* packaging is different: scoops and exclusives, deep background research sidebars, links to related stories, links to other off-media sources, investigative computer-assisted reporting with its masses of databases, archives, corrections and yanking of stories, video and audio, more documents and reports posted in their entirety, interaction with readers through chat rooms and solicited opinions, E-mail addresses of reporters/commentators. At the same time, hard copy newspapers and magazines are beginning to look a little like computer screens in their design packages (USA Today led the way with its "TV news in print" style, now twenty years old);

* hiring of writers and editors and researchers for online content exclusively such as at TorStar and Canoe. Many of these will come from journalism schools which are teaching online journalism, although some graduates will prefer to move on to "Dot Com" firms with stock options. Such Dot Coms are already hiring experienced journalists and professional librarian graduates, to do websiting and research work. Indeed, these in-house people can help newspapers with ads, classifieds, building community online, much like Salon's vertical integration. Newspapers already refer to this as the "dot com brain drain".

* BUT: of course, Web sites are susceptible to hacking and sabotage. Vulnerability is a key issue here. Media hoaxes of the past may be peanuts next to common parlour tricks and deliberate maliciousness of the near future. Security flaws are quite common, and can do great harm.

Refocussing is becoming more common now. Newspapers are being sold, television chains are being sold, spinoffs of digital activities into standalone companies such as Canoe.ca, Reuters, and KnightRidder.com are becoming regular events. The one-size-fits-all mentality of the mass media is changing toward an emphasis on personalization and customization, to one-on-one loyalty marketing. To survive, media must be known as multichannel publishers (Web, E-mail, CD-ROM, fax, data broadcast, audiotext).

Maybe McLuhan did say it best: "The medium is the message", and we are all converging.

To keep up-to-date in this emerging area, read/participate in the following:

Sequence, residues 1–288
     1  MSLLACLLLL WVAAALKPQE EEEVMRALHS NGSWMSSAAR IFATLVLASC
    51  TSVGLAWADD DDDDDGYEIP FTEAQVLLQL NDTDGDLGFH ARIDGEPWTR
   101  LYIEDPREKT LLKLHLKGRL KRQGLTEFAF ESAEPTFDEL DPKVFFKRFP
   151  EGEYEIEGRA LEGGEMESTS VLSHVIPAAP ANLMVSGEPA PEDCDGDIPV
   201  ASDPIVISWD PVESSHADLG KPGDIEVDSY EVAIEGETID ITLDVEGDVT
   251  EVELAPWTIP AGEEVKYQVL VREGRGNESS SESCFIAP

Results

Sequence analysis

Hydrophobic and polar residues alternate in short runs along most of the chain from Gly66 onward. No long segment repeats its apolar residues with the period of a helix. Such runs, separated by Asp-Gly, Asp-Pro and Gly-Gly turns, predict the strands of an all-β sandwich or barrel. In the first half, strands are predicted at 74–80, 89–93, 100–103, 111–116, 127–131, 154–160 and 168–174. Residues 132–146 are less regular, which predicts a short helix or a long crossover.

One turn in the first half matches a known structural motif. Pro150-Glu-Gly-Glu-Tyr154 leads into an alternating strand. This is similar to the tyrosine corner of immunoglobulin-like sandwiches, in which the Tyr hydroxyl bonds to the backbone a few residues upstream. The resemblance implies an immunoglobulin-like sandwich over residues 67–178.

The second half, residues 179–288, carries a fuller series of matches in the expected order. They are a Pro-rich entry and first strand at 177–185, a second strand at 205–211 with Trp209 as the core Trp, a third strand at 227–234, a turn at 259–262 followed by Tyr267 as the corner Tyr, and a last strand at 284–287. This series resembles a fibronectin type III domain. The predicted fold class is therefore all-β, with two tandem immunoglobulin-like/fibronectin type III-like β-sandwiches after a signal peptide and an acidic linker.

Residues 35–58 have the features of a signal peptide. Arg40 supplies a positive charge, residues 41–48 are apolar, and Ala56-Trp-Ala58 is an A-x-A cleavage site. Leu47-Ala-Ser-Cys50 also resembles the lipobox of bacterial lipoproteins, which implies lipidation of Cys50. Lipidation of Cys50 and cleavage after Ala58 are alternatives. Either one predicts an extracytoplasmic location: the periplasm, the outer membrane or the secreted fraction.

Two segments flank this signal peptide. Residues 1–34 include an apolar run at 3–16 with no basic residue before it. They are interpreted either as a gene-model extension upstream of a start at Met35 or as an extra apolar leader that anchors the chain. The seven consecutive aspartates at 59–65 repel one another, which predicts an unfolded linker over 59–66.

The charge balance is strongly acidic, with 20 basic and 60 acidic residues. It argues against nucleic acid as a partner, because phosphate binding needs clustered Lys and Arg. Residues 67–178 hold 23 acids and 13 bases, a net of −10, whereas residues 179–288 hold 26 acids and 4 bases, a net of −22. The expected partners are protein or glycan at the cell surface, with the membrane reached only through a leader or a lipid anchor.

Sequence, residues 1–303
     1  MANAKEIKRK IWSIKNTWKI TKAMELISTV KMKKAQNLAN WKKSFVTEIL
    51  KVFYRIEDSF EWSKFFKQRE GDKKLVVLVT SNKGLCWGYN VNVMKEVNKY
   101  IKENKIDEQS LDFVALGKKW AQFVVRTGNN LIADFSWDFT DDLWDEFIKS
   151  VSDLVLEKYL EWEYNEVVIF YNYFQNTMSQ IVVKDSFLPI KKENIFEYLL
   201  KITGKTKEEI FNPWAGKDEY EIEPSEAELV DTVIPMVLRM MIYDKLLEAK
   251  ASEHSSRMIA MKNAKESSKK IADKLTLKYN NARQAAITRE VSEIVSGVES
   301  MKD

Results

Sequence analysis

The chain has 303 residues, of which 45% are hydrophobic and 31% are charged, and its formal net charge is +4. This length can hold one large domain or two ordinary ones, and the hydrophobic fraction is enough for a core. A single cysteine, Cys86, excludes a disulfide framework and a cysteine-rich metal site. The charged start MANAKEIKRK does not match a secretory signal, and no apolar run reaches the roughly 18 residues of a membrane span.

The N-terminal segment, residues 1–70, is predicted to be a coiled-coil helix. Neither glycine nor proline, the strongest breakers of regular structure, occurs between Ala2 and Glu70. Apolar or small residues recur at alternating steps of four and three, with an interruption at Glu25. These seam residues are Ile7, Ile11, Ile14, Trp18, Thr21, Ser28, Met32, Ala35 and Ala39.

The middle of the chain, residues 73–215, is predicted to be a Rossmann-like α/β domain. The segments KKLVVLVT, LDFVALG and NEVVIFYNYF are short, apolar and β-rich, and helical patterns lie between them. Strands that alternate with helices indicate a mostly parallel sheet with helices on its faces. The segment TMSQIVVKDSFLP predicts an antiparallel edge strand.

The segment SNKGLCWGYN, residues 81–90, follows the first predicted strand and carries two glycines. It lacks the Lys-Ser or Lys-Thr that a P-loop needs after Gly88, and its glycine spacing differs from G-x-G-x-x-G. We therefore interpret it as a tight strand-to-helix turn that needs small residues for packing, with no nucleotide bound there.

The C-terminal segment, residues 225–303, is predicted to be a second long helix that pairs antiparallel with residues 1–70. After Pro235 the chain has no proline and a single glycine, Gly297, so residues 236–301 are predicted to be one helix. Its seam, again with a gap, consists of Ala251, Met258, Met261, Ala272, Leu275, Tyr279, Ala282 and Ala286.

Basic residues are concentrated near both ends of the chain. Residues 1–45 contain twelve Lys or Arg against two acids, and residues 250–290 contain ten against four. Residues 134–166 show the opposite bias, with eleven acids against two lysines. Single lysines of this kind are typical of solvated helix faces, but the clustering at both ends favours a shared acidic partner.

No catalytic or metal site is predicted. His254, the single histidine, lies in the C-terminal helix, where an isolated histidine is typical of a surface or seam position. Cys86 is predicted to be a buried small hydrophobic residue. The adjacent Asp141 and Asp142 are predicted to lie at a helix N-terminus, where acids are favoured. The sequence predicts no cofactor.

There is a hard copy academic journal called (naturally) CONVERGENCE, and some of it is available also online at <http://www.luton.ac.uk/Convergence/> It is billed as the "journal of research into new media technologies". Typical articles deal with globalization, refashioning old media in terms of new media, and the odd "scholastic" paper such as "Stereoscopy and Pre-Raphaelitism; the Pre-Raphaelites and John Ruskin in the New Media Age". The mission of the refereed journal (from the School of Media Arts, University of Luton, UK) is "to develop critical frameworks and methodologies which enable the reception, consumption and impact of new technologies to be evaluated in their domestic, public and educational contexts".

You can subscribe to a CONVERGENCE discussion group (led by Silicon Alley Reporter and its Digital Coast Reporter) at <http://www.siliconalleyreporter.com/convergence/> and even get it in digest form. - To post to the list E-mail: CONVERGENCE@um1.unitymail.com - To post a job, press release, or event listing to CONVERGENCE contact Linda Miller at mailto: linda@siliconalleyreporter.com

Archives are at <http://um1.unitymail.net/Unity/ctrlpanel/0/6/161>

Affiliated with CONVERGENCE mailing list is indieWIRE <http://www.indiewire.com> the Digital Coast Weekly <http://www.digitalcoastweekly.com> and RESFest <http://www.resfest.com>. Most of the discussions are technical, but this is an easy way to make contacts. Emphasis appears to be on those people coming from a broadcasting background.

For those with a newspaper or print background, there is the ONLINE-NEWS discussion list, which uses Lyris mailing list software. <http://www.lyris.com>. The archive and list settings are at <http://www.planetarynews.com/online-news>. This list is sponsored by Content Exchange <http://www.content-exchange.com>

This digital marketplace for online content creators and publishers also has a free electronic newsletter (began in Fall, 1999) concentrating on "writing for the Web" online content. It grew out of a section of Editor & Publisher magazine. Most discussion is about news content. Some recent articles include writers' clip files on the web, and tips on succeeding as an E-mail publisher. Full details are at <http://www.content-exchange.com/cx/html/newsletter/>

And Content Exchange co-founders Steve Outing and Amy Gahran have launched the E-Media Tidbits Weblog. Check it out daily for the latest news, links, and other stuff in the online content world. <http://www.content-exchange.com/cx/html/pressreleases/pr031300.htm>

For another weekly electronic newsletter, do try NEWS-ON-NEWS/The Ifra Trend Report, which began in July, 1999. This is a summary of global trends, strategies and innovations influencing the future of news, newsrooms and news publishing. (Ifra has 1,700 member publishers and technology vendors worldwide). Upcoming seminars, conferences, workshops, etc. are noted, with themes outlined and contact persons indicated. Subscriptions are free, through <www.ifra.com>.

Dean Tudor is Sources Informatics Consultant and a professor of Journalism and Information Science at Ryerson University. He can be reached at dtudor@acs.ryerson.ca.

Published in Sources, Number 45, Summer 2000.

See:  Other Dean's Digital World Articles

www.deantudor.com